This book is about a monster that gets loose in the Museum of Natural History in New York City. It was taken back there from an archeological expedition to Brazil on a boat full of other artifacts. The monster then escapes into the museum’s vast basements and storage rooms and starts preying on unfortunate individuals who wander the museum late at night…and devouring their brains.
The monster is extremely fast, its bones are too thick to shoot through, and it’s very aggressive. The museum is opening a brand new exhibition on superstitions, in disregard to the fact that bodies keep showing up all over the museum. And on the exhibition’s opening night, the monster strikes again, causing the museum to go into lockdown mode and trapping everything—and everyone—inside.
Relic introduces the characters of special agent Aloysius Pendergast, a freelancing FBI agent from New Orleans, and Vincent D’Agosta, an Italian-American Lieutenant working for the NYPD.
Aloysius Pendergast is the perfect FBI agent. He is calm and collected, and you get the feeling that he is much, MUCH more than he appears to be. He has an almost inhuman sophistication, and his skill at getting exactly what he wants, where he wants it, when he wants it, is formidable. He doesn’t always play by the rules, but he always gets to the bottom of the case.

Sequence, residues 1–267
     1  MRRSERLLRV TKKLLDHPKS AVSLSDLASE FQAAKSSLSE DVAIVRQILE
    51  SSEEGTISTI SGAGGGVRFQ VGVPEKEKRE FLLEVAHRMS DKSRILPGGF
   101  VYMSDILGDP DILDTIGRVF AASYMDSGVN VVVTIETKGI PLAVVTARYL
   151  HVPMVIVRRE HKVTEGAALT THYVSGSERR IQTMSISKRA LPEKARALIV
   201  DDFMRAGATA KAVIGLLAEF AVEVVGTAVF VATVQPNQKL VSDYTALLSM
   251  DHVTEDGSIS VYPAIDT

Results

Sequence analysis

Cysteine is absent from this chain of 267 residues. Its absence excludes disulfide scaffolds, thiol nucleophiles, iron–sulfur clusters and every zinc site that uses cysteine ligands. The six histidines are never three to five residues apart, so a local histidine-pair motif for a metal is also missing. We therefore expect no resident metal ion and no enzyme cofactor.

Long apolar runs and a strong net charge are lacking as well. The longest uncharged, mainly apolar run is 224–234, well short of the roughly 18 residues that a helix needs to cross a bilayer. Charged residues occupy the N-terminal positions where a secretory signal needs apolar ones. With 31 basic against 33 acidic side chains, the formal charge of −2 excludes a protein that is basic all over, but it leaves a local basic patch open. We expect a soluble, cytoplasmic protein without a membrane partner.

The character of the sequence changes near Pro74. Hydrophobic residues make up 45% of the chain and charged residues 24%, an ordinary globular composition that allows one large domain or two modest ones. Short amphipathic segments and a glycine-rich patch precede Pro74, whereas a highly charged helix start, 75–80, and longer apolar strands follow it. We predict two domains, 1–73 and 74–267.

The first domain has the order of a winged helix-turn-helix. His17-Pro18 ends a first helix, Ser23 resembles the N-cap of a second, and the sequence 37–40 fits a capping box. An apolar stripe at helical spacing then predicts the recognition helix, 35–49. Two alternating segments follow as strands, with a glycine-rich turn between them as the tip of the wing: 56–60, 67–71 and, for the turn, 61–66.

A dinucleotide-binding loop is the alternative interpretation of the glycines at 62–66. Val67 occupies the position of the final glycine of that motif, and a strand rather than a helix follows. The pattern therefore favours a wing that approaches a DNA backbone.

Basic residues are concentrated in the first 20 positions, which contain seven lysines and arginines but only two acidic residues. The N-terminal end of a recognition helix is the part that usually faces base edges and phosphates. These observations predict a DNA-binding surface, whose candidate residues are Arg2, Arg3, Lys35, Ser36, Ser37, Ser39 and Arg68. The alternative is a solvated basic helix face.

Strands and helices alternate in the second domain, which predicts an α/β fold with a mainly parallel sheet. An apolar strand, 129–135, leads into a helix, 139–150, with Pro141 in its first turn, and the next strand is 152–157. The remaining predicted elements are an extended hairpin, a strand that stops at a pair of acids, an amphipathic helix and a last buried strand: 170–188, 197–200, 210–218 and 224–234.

D’Agosta is the more ordinary of the two, but he is still amazingly good at what he does. He still gets annoyed and angry when the case isn’t going anywhere, but he really cares about what he does and never gets flustered or confused. He isn’t easily intimidated, and he doesn’t mind risking his life for what he does.
I would recommend this thriller to readers who enjoy a lot of action, plot twist, and suspense in what they read. Relic is pretty graphic, so I would say that I would recommend it only to ages 12+.
Overall, I would rate this book a 10/10.
Tags: Douglas Preston